Choi et al. reported that of 19 patients with rotational vertebral artery syndrome managed conservatively, no patient developed a posterior circulation stroke over 37.5 months of follow-up. Furthermore, four patients had resolution of symptoms during the follow-up period.
Conversely, a review by Rastogi et al. reported only a 37% favorable outcome incidence for patients managed conservatively.
Repeated transient ischemic attacks and strokes of the vestibular system can result in decreased balance, syncope, dizziness, and long-term neurological deficits. Furthermore, falls associated with these attacks can result in other injuries. Patients who require cervical fusion lose significant motion in the neck, with the atlantoaxial joint being responsible for 55% of rotation and 15% of flexion and extension.
Patients who note episodes of dizziness, syncope, nausea, loss of balance, and other neurological symptoms accompanying rotation of the head should be evaluated for rotational vertebral artery syndrome by a medical professional as symptoms are nonspecific and could indicate numerous different pathologies. For patients diagnosed with bow hunter syndrome, they can usually be managed non-operatively with neck immobilization and anticoagulation. Still, they should undergo careful monitoring under the supervision of a medical specialist.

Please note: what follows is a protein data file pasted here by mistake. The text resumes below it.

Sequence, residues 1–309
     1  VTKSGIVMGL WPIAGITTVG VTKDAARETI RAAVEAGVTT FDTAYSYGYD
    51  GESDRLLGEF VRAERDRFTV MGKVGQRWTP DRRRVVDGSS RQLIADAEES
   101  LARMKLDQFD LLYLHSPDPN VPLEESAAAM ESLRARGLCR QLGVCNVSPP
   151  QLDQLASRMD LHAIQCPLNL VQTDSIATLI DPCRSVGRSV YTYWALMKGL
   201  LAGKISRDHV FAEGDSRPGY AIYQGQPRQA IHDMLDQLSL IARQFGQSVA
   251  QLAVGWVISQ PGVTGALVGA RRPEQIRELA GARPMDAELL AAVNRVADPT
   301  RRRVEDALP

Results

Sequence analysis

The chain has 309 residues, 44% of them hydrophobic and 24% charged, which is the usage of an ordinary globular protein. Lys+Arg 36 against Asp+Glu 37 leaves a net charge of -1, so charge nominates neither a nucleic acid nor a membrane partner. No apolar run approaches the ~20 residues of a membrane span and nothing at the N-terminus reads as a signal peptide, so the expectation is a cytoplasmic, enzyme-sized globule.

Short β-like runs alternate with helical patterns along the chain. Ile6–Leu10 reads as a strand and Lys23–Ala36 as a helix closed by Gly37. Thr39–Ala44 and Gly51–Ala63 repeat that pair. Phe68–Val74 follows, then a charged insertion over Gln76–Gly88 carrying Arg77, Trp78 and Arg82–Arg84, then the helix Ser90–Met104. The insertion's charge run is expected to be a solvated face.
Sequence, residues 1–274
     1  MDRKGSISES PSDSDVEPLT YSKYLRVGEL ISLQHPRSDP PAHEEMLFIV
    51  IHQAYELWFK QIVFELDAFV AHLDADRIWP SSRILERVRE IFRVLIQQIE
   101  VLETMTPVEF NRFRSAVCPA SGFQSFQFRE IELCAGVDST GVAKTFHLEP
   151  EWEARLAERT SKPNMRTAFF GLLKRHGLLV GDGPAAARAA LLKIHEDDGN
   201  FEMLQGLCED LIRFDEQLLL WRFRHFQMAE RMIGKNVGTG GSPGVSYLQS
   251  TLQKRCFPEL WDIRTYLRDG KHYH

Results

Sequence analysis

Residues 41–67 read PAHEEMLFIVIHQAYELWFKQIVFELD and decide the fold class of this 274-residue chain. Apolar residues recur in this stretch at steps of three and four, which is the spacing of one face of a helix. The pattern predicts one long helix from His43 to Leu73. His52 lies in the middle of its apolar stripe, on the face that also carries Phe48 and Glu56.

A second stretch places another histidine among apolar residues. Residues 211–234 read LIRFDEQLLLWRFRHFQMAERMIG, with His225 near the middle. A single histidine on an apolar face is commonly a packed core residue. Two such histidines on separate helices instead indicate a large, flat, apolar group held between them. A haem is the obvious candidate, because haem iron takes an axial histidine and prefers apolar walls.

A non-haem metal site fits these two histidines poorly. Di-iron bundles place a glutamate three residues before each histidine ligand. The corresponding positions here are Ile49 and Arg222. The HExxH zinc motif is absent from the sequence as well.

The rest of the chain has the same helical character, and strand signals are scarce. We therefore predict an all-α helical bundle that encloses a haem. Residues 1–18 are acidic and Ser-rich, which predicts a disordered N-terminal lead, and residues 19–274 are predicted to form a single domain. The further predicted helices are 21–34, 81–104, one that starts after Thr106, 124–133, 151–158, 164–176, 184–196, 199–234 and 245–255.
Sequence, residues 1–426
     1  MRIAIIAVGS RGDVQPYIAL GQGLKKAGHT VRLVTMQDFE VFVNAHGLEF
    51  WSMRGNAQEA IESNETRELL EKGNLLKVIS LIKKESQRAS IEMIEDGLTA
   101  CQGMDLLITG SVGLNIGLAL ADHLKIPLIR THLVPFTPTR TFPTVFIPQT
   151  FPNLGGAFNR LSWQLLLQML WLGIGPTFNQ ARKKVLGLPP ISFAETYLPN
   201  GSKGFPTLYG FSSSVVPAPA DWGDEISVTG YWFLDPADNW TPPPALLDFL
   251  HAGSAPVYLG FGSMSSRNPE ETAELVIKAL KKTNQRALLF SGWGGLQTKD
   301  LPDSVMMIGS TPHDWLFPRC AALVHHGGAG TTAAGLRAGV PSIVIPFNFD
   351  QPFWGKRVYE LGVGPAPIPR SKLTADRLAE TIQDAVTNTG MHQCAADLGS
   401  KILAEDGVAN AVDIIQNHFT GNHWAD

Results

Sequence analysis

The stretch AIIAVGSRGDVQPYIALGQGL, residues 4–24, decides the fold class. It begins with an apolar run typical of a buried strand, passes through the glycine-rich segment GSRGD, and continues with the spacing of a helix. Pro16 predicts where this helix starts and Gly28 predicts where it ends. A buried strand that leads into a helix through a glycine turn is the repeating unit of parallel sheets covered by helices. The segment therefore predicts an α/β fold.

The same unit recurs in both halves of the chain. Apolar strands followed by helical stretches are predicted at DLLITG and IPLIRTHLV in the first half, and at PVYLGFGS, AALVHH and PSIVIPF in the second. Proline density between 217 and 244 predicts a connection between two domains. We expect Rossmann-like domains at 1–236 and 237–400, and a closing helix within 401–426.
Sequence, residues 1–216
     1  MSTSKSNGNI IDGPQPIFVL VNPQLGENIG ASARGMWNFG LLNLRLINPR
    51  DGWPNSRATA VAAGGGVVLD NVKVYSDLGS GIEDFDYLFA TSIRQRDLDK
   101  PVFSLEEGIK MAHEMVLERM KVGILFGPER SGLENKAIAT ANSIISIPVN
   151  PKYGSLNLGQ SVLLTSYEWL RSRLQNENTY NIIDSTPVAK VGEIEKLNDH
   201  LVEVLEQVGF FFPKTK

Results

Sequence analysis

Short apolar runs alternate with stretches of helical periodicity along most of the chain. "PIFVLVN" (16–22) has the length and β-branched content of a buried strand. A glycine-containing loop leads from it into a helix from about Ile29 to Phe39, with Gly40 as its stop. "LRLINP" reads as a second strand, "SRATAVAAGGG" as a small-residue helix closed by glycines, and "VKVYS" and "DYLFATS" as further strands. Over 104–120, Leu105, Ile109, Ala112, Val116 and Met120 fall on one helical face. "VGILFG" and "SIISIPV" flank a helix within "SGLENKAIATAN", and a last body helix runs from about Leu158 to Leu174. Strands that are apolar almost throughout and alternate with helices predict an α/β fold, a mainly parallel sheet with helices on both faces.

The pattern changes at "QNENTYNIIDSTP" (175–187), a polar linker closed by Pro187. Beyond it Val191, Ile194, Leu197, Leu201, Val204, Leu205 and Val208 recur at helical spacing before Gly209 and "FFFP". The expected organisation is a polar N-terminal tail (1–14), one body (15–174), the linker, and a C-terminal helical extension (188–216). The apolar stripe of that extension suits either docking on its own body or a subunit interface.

Rotational vertebral artery syndrome is a treatable condition that can have significant morbidity if not managed appropriately. Furthermore, it represents a diagnostic challenge as there are many causes of vertebral basilar deficiency and other pathologies that may mimic its symptoms. Therefore, practitioners whose patients exhibit symptoms of cerebellar ischemia should be sent for evaluation by a specialist in neurology to obtain a correct diagnosis. Neurosurgeons, vascular surgeons, and/or orthopedic spine surgeons can all play a role in the surgical management of rotational vertebral artery syndrome if a patient fails non-operative management.
Nurses and medical support staff must work together and communicate clearly between medical team members to execute the plan of management to optimize patient outcomes. As the consequences of mismanagement of bow hunter syndrome can be severe, medical professionals must be both educated and prepared to provide the highest quality of patient care.